In Nepal, many rurals school start at 7 AM and go until 10 AM. Students then return home to eat their morning meal of rice and lentils. Unfortunately, many students live as far as 1- 1.5 hour away by foot. They often cannot return home to eat. Because many schools do not have cafeterias, schoolchildren instead eat nutritionally poor foods like chips, packaged noodles and biscuits. These procesed food keep their hunger at bay until dinnertime.
Many rural schools have very basic facilities: often just a few classrooms and usually no cafeteria. Space at a school is limited to classroom instruction, especially in more rural areas. Smartketi came up with an innovative way to feed its hungry schoolchildren. It built a smartbakery: a place on school grounds that would feed a large number of schoolchildren a healthy, and hygienic food.
Instead of building a full cafeteria, smartketi wanted to introduce an alternative way to feed schoolchildren. It wanted something that could easily be built and quickly scaled up to neighboring villages. Its features:
Instead of serving a full course meal of rice, lentils and vegetables, the smartbakery wanted to introduce a newer, quicker and innovative food item. It came up with the smartbowl, which is a vitamin and iron fortified bread bowl, filled with traditional Nepali vegetable curry. Its features:
The smartbakery opened August 2018. Although bread items are fairly new to Nepali cuisine, local schoolchildren quickly began to eat at the smartbakery daily. The taste was similar to other Nepali foods, yet it was a new type of food. The smartbakery also began to serve fruit and vegetable muffins. It plans to have a daily nutritional and health message posted everyday.
Although the smartbakery is quite new, several changes have already taken place within the local school and the community.
Smartketis visiting the local market to purchase material needed to run the smartbakery. They learned about buying material in bulk and planning menus in advance as well as negotiating.
In addition to opening their own bank accounts, the smartketis began to learn how to run a business. They had to keep a daily ledger or inventory and sales. This was an entirely new concept for them.
Smartketis learning how to run a business like how to keep its customers happy.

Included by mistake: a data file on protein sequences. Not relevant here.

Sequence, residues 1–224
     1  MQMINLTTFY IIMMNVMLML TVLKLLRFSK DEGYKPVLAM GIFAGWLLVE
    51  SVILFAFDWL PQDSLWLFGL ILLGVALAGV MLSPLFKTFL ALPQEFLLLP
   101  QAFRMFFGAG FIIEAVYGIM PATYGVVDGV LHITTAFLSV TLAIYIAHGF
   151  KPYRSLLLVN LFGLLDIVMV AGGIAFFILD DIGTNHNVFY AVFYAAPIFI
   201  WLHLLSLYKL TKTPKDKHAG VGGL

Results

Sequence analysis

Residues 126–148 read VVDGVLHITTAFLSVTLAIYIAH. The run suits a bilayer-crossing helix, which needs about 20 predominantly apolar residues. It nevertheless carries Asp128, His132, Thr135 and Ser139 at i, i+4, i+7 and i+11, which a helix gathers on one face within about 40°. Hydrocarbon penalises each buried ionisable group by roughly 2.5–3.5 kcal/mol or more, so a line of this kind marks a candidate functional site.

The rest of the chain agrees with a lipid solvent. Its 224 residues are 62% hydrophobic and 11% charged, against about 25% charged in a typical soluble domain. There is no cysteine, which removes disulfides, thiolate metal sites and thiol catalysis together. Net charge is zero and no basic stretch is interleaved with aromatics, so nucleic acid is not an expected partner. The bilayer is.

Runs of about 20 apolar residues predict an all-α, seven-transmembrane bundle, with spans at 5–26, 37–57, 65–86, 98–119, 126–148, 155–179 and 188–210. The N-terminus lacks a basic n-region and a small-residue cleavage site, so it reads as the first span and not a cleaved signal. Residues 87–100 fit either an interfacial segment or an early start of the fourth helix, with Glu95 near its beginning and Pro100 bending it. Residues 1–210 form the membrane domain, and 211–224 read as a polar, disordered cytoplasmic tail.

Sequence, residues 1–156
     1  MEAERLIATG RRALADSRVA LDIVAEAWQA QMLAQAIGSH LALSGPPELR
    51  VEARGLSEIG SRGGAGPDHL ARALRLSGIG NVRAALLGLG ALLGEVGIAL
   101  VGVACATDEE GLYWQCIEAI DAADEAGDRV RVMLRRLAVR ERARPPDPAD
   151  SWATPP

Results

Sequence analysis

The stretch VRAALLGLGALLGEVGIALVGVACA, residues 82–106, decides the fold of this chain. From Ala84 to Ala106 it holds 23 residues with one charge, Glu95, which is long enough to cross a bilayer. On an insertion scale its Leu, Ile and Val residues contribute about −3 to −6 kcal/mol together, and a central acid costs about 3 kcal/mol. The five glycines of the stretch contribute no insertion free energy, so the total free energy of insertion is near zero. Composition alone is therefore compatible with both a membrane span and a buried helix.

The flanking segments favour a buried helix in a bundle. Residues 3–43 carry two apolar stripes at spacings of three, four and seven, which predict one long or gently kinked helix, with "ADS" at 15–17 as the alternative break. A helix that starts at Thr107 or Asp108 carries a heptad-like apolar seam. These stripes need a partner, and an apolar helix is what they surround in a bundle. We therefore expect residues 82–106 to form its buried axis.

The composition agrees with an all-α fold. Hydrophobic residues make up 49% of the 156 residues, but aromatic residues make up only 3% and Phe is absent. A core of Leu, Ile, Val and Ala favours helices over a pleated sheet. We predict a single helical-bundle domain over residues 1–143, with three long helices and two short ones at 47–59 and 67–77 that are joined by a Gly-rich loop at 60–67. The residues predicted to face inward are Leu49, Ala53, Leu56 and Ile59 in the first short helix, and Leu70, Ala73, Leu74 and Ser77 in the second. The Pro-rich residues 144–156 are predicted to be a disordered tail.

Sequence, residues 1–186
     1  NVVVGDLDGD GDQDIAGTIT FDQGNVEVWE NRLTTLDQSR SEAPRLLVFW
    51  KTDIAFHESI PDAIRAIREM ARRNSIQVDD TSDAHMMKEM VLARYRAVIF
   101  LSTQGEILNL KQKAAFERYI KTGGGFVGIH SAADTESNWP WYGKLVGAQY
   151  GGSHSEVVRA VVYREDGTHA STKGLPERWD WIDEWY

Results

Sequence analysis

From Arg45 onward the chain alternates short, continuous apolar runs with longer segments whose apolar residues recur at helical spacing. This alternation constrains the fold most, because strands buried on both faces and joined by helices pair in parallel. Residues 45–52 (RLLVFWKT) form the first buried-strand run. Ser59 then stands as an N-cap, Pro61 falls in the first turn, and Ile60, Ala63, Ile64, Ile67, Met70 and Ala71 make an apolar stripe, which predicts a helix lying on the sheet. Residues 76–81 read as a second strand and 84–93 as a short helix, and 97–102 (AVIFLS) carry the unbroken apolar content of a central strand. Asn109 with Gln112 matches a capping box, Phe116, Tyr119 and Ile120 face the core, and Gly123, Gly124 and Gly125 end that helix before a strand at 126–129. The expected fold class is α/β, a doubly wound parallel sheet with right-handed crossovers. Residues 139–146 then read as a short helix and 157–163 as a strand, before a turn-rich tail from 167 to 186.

The smartbakery spoke with the local flour mill and talked about adding a fortification device to its existing flour mill. In this way, all flour, available in Manthali, will be more nutritious and in accordance with government fortification standards. It will also provide an opportunity for neighboring communities to buy Manthali flour and help boost its economy.
The smartbakery spoke with the local rice paper factory in Manthali about using its paper for packaging of its baked items. This paper, made from recycled paper, is made locally. The smartbakery established a recycle bin and plans to recycle this paper back to the factory.
Smartbakery ultimately plans to scale up into the schools of more remote villages, many of which do not have a reliable source of electricity. Learning from traditional ovens hundreds of years old, it hopes to perfect this natural way of baking.
Here is a short update of the One Year Anniversary of the smartbakery
On April 12, 2018, the Friedman School of Nutrition and Policy at Tufts University in Boston, MA held an entrepreneurship competition where teams had to come up with innovative solutions to nutrition problems. The smartbakery entered this competition and won first prize. This generous grant allowed for the start-up funds for the smartbakery. Photo courtesy Friedman School of Nutrition and Policy.
The support from this competition allowed the development of the smartbakery and all upfront operating cost.
Industry and academic professionals helped boost our idea with advice and support.
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